Archive for dokken

M3 Festival 2015 –Day 1 – Trixter, Dio Disciples, Quiet Riot, Dokken – Live Review (5/1/15)

Posted in Just Stuff with tags , , , , , , , on May 20, 2015 by novametalreview

This is the seventh year for M3, which is probably the best festival if 80’s “hair metal” is your thing. If you need to review the history of this festival then see my review from last year and indeed the review from the year before that! This time around I’m skipping the intro waffle and getting more or less straight into it. The only thing I will say is M3 is a 2-day event and this review covers the shorter Day1.

As a VIP ticket holder (meaning you pay a lot more for the chance to be somewhere near the front), there was a VIP-only acoustic performance by Jack Russell’s Great White at something like 3PM or so, but that in itself wasn’t enough of a draw to get us over there early, and in fact we finally made it over to the venue around 4.15, which meant we missed Korupt. I think I have them confused with the band who opened the second day, so no more comment either way…

Tixter

Last time Trixter played here in 2013 things did not go well, so I was hoping for a better experience, and indeed we got much more what I was expecting. We didn’t see the whole set (missed the first 3 songs of 7), but what we did see was tight, well delivered and without any pretention for a band early in the day. Nothing really to write home about, but job well done. (Score: 7/10)

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Dio Disciples
For me, this band was in the wrong position in the running order. DD are essentially the remains of Ronnie James Dio’s band “Dio” and do an admirable job of keeping Dio’s music alive. The band has very much an open door as far as members are concerned, but generally consists of players who were at one time or another in Dio with Ronnie. Vocals for this show were handled by Joe Retta (Heaven and Earth) and Oni Logan (perhaps best known with Lynch Mob). Personally I think I preferred Joe who cut a pretty convincing Dio, but Oni also did a great job – for me though he has a little more character to his voice, meaning he sounds more like Oni Logan and less Dio…

On guitar Craig Goldy (Dio, Giuffria, Rough Cutt) played a blinder, even though he isn’t really the most visually exciting player around. Simon Wright held down he drums, while keys were handled by the somewhat over-the-top Scott Warren (though maybe he was making up for Craig…). I’m not sure who the fella on bass was, but he did a fine job.

The set opened with Holy Diver, which basically opened the flood gates, filling my mind with thoughts of Dio concerts at Hammersmith Odeon in London through the 80’s. These songs really are metal classics and despite the tribute band feel, Dio Disciples are doing a worthy job of keeping this music alive. Stargazer, The Last In Line, Man On The Silver Mountain and Heaven and Hell were all highlights for me, but all eight tracks player were delivered with conviction and with a great crowd reaction all round. I would have been happy for them to keep playing for another hour… (Score: 9/10)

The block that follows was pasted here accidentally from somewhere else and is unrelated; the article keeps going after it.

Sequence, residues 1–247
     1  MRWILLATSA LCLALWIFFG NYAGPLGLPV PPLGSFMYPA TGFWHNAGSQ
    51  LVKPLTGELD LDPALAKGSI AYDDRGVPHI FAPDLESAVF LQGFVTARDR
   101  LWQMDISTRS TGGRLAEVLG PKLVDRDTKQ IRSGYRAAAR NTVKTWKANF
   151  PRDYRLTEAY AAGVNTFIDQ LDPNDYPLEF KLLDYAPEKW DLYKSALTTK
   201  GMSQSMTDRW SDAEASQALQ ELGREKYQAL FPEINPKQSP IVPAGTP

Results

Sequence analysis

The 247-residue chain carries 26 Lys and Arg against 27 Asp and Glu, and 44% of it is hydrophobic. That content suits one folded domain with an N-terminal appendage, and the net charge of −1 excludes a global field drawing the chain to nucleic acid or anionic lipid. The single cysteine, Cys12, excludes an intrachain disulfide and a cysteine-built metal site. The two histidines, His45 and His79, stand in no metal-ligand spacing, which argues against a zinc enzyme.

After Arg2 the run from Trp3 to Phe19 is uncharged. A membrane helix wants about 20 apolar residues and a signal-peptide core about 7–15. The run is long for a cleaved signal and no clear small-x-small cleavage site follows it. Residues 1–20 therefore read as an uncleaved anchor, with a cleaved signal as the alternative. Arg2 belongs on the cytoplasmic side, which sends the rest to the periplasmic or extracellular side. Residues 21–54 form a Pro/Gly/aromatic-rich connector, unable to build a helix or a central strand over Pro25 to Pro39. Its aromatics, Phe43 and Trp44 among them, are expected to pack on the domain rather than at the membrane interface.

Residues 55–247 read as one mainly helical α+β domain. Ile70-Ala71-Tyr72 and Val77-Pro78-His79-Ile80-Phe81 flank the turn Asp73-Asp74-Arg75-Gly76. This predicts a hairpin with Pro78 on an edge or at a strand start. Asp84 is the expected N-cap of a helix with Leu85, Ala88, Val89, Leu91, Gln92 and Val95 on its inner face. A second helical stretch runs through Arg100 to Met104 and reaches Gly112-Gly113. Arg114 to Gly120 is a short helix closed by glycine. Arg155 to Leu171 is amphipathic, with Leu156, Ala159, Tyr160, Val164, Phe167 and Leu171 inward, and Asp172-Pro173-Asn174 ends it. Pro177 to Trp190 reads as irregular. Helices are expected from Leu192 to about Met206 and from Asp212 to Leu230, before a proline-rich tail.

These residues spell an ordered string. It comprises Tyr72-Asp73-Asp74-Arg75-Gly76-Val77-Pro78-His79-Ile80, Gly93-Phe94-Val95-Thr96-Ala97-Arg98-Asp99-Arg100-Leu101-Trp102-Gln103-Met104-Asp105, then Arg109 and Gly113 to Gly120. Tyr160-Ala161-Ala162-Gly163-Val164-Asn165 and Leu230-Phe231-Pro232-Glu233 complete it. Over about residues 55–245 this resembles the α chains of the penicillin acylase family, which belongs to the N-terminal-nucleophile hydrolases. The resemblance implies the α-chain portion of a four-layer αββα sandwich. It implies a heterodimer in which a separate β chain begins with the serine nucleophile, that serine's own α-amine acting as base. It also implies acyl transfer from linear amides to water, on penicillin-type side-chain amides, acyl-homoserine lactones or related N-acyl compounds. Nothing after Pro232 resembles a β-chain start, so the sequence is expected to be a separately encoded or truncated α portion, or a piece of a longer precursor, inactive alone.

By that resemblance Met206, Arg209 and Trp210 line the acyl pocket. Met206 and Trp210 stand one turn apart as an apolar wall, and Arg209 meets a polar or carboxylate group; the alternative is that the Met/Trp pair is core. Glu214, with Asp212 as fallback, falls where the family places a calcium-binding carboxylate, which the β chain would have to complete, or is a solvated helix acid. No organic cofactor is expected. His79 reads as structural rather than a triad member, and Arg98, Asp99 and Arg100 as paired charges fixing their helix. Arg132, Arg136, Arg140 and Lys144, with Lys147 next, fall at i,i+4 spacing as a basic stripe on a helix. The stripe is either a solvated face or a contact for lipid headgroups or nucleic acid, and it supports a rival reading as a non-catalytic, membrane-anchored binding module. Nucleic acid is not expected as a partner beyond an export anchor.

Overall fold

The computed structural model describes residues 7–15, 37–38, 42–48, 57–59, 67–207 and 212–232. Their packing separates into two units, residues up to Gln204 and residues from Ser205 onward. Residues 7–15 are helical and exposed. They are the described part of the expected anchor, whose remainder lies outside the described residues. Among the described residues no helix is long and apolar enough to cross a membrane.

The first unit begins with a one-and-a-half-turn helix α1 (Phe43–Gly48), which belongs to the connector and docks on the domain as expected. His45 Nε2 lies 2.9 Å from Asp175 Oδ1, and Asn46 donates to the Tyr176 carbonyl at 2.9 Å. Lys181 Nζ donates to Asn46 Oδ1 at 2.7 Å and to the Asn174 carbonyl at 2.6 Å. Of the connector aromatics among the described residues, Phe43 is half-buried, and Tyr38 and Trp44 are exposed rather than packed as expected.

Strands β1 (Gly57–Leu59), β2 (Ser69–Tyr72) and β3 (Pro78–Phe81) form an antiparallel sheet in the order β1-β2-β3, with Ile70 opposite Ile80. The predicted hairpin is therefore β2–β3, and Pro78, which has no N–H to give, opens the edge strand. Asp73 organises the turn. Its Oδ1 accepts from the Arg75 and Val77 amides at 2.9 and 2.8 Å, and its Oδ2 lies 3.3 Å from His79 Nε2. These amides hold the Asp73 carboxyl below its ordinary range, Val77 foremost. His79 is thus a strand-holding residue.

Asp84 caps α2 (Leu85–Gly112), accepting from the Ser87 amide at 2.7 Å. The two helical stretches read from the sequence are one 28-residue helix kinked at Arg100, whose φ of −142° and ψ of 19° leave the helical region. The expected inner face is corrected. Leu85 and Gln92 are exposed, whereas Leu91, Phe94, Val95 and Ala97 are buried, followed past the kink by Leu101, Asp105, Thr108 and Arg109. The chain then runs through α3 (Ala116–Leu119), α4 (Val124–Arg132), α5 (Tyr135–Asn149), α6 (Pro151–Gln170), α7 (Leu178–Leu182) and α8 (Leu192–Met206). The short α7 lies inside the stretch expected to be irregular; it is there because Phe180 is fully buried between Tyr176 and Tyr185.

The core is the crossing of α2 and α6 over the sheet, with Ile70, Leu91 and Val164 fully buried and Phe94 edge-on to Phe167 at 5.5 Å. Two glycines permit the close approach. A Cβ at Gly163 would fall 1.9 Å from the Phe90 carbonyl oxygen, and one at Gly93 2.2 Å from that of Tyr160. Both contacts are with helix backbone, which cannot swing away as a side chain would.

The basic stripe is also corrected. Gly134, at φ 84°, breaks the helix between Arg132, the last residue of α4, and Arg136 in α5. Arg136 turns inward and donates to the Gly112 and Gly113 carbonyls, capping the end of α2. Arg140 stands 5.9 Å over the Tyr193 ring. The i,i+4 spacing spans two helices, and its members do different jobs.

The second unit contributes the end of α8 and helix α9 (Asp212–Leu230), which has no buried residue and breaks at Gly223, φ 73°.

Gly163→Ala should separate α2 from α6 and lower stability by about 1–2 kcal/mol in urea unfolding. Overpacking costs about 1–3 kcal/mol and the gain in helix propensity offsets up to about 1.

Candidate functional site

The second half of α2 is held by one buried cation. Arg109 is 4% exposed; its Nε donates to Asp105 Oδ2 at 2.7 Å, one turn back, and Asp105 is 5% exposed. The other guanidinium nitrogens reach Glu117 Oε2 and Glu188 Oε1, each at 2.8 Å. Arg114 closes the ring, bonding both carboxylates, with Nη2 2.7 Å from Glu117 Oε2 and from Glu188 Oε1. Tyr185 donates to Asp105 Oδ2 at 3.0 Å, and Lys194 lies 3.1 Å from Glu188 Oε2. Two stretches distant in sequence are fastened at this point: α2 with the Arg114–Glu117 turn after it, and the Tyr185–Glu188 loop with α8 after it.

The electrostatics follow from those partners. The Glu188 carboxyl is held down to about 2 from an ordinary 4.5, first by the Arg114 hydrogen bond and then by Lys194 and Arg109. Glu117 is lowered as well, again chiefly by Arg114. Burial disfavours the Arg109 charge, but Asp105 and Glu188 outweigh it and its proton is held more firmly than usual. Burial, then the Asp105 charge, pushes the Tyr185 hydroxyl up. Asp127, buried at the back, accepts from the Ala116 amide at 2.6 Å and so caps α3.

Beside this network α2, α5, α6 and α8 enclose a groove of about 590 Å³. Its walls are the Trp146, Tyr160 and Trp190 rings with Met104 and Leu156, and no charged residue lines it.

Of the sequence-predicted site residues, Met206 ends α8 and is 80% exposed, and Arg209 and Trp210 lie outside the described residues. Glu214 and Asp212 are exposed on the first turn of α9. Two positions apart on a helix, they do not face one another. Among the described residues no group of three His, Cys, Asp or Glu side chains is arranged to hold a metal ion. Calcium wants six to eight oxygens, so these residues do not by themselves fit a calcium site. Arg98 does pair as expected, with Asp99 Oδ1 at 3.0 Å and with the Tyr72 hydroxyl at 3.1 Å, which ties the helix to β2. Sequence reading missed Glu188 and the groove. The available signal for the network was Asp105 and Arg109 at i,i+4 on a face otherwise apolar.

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Quiet Riot

Trying to summarize the history of this band in a few paragraphs isn’t going to work, so all I will say is there is no one from original line-up of the band at all (1975-1980), and only Frankie Banali remains from the 1982 “Metal Health” era line-up. When Kevin DuBrow died in 2007, it seemed the band was finished, but come 2010 auditions were held and Mark Huff, first of four subsequent vocalists were hired, only to be fired while waiting for brain surgery… Two more vocalists later, Jizzy Pearl (ex-Love/Hate/LA Guns) was hired in late 2013. This show was the first time I saw QR with Jizzy out front.

Overall it was just “all right”. There was nothing particularly memorable or exciting about the set, which finished with the strongest song pairing of “Cum On Feel The Noize” and “Metal Health (Bang Your Head)”, but despite this it felt flat, and certainly paled in comparison with Dio Disciples. (Score: 7/10)

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Dokken

Back in the 80’s Dokken was one of my favorite bands and “Under Lock and Key” would have been in my top ten albums back then for many years to come, so let me make it clear, there’s no lack of love for Dokken siting here. However, sadly I can’t say this performance did anything good for me at all unfortunately.